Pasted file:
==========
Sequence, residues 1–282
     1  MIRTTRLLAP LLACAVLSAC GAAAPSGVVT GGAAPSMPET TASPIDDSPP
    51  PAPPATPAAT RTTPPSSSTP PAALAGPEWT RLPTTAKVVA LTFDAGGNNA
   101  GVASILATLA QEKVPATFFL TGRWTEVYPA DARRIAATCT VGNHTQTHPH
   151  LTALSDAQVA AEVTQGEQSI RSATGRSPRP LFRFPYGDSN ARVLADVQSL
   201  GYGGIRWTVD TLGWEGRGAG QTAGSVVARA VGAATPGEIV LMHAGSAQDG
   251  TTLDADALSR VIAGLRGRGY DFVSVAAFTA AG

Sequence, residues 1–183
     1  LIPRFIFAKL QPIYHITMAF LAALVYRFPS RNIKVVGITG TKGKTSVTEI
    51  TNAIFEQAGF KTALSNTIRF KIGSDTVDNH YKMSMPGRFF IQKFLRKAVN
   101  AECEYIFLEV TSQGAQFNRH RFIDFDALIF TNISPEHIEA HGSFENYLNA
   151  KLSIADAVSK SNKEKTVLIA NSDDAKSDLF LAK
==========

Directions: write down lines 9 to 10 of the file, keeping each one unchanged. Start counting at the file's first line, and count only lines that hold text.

     1  LIPRFIFAKL QPIYHITMAF LAALVYRFPS RNIKVVGITG TKGKTSVTEI
    51  TNAIFEQAGF KTALSNTIRF KIGSDTVDNH YKMSMPGRFF IQKFLRKAVN